“Commitment is the foundation of intimacy, because without commitment there can be no trust, and without trust there can be no intimacy.”- John Ortberg

“The man who makes a vow makes an appointment with himself at some distant time and place.”- G. K. Chesterton, “A Defence of Rash Vows”

In Chapter 7 (“We Should All Be Committed”) of I’d Like You More . . . , John Ortberg notes the commitments we make and keep mark our days.  In addition, those commitments form our identities and anchor our intimate relationships.  Also, as Lewis Smedes writes, commitment establishes a “small island of certainty” in an uncertain world.  Furthermore, intimacy and commitment must link together.

Thus, intimacy without commitment contains greater potential for hurt.  On the other hand, commitment without intimacy creates hurt.  Also, commitment:

  • possibly creates fear because it means the loss of options
  • builds an invisible fence around us – we freely choose to honor the restrictions it places on our freedom
  • gives commitment makers and keepers a kind of freedom commitment avoiders never know

Finally, Pastor Ortberg comments on G. K. Chesterton’s’ statement about making vows:

“In the act of commitment, I bind myself to that future moment.  I’m not free to love another woman, I’m not free to follow another God.  and yet somehow, that ‘not free’ commitment leads to a deeper freedom than all the other options and escape clauses in a commitment-phobic world. . . . Having the courage to commit and trust makes possible an intimacy we would otherwise never know.”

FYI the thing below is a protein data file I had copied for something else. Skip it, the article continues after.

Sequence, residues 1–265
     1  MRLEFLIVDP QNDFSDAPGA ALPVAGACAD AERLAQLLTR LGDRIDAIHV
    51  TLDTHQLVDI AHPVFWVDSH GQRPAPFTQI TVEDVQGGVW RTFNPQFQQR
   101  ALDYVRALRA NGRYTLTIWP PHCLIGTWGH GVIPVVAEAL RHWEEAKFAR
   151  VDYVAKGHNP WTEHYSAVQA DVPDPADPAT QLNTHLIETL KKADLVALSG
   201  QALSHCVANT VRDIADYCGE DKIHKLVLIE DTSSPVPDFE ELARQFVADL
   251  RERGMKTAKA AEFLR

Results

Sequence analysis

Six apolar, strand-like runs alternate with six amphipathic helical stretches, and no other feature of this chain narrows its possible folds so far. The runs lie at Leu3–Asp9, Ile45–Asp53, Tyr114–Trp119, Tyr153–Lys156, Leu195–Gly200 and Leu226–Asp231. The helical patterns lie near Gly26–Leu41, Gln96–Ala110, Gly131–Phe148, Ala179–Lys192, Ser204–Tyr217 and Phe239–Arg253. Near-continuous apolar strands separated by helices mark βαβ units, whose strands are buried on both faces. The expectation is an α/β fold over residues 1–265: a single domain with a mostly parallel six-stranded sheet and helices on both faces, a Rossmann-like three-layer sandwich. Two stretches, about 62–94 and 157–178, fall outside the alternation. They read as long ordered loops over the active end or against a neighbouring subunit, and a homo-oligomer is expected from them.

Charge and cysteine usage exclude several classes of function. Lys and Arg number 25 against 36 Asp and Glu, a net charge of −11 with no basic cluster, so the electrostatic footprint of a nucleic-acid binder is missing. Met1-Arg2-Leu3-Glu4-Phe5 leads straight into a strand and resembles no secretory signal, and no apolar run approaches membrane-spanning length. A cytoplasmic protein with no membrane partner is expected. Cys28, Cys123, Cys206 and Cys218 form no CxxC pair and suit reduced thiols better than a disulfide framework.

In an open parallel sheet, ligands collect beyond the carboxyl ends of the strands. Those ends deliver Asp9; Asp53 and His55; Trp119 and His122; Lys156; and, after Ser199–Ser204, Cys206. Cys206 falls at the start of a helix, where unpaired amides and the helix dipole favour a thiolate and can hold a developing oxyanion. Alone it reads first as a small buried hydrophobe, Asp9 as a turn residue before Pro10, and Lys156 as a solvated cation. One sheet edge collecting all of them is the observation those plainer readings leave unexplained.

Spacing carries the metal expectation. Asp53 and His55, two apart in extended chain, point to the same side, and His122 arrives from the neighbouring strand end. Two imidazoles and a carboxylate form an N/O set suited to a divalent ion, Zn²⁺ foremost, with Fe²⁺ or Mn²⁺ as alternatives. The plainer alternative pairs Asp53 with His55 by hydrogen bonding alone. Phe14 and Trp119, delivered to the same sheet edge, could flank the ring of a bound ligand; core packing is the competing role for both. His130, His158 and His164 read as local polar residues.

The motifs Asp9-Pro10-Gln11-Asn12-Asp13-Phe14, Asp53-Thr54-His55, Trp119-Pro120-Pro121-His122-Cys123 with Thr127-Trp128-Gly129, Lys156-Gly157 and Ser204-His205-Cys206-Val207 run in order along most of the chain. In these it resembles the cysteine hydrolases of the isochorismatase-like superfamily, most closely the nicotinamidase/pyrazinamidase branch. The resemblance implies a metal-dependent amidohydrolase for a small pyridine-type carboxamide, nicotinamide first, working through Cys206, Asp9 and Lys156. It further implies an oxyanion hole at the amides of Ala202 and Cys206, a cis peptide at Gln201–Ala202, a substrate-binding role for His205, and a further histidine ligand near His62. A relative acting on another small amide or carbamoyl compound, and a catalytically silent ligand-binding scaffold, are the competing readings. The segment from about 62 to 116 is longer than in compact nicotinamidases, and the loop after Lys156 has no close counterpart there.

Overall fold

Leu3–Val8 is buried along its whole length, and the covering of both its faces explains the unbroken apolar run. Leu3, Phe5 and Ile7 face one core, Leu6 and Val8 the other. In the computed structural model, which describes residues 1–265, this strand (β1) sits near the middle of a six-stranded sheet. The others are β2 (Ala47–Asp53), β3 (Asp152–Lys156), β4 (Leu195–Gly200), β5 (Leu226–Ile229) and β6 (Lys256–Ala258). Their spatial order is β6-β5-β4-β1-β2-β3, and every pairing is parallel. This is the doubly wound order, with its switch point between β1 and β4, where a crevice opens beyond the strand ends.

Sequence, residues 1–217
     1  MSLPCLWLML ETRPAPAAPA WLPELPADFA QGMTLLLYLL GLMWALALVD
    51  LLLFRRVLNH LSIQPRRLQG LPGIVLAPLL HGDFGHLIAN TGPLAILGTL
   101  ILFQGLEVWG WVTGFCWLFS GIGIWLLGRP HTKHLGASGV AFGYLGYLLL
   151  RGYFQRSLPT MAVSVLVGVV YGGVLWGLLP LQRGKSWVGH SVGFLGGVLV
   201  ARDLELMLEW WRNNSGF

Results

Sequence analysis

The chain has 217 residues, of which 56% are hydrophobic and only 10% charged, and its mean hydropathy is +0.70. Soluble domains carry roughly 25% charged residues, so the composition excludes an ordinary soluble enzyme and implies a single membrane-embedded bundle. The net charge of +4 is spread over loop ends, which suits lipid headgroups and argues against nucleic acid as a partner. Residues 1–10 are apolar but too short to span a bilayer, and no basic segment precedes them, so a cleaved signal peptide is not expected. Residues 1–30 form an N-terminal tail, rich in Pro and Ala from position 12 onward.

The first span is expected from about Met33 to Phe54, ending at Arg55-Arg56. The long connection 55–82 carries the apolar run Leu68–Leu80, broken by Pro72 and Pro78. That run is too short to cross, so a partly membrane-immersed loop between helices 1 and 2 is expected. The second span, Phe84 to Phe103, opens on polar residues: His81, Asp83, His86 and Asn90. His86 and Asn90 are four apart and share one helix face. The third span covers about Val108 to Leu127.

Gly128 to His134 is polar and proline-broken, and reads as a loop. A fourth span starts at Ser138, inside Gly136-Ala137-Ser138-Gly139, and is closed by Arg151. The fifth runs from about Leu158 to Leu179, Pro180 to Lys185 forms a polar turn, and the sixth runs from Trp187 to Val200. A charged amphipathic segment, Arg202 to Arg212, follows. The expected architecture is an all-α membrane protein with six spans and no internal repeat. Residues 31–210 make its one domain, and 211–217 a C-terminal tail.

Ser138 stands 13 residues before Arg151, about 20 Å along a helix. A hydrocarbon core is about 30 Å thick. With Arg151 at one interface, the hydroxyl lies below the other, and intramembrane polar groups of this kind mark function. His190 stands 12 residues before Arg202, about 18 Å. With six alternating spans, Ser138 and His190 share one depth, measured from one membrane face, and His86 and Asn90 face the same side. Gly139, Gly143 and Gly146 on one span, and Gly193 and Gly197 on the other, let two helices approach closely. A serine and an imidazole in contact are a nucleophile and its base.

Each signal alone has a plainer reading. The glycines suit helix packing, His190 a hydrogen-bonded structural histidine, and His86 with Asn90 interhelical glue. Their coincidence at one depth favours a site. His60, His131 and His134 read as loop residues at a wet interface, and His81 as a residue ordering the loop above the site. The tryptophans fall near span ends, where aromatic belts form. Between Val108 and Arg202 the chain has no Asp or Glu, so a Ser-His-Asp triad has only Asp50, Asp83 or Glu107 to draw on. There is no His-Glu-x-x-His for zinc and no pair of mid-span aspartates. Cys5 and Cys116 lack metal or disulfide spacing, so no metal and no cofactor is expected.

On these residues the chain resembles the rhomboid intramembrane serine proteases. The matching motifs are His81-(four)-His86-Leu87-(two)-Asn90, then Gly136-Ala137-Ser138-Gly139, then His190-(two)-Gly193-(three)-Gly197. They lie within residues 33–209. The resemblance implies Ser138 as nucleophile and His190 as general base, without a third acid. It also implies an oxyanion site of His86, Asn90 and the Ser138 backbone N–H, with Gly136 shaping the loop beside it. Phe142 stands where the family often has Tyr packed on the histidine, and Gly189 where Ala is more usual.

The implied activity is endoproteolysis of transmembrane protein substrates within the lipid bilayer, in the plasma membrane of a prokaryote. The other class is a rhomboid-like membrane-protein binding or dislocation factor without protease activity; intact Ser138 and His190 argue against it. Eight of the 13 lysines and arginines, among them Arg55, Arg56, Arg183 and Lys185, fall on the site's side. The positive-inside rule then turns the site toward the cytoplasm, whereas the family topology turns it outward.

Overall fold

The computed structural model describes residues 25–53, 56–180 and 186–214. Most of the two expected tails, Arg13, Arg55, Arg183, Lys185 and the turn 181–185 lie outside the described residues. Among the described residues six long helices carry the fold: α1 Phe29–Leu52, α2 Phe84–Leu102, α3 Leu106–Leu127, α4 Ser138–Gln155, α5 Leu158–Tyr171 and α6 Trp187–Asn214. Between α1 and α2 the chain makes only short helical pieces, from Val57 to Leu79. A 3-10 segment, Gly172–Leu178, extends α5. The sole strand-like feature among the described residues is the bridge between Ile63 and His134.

In conclusion, John states that we’re drawn to make commitments because God created us in His image.  For He not only makes, but keeps, commitments.

Today’s question: What provides the foundation of intimacy in your life?  Please share.

Tomorrow’s blog: “Any good commitment – the strength to last”

Where we place our hope and trust

“Our daily life communicates where our hope and trust is placed; we are actually ‘praying’ with our words and deeds every day.”- Jared C. Wilson

As Jared Wilson concludes Chapter 5 of The Imperfect Disciple, he describes prayer as “spilling your guts.”  Therefore, prayer doesn’t have to be pretty, tidy, particularly eloquent, or even particularly intelligent.  God speaks to us in the Bible and we speak to Him in prayer.  Also, spilling our guts in prayer enables us to process God’s Word.  In response, we interact with our friend Jesus through prayer.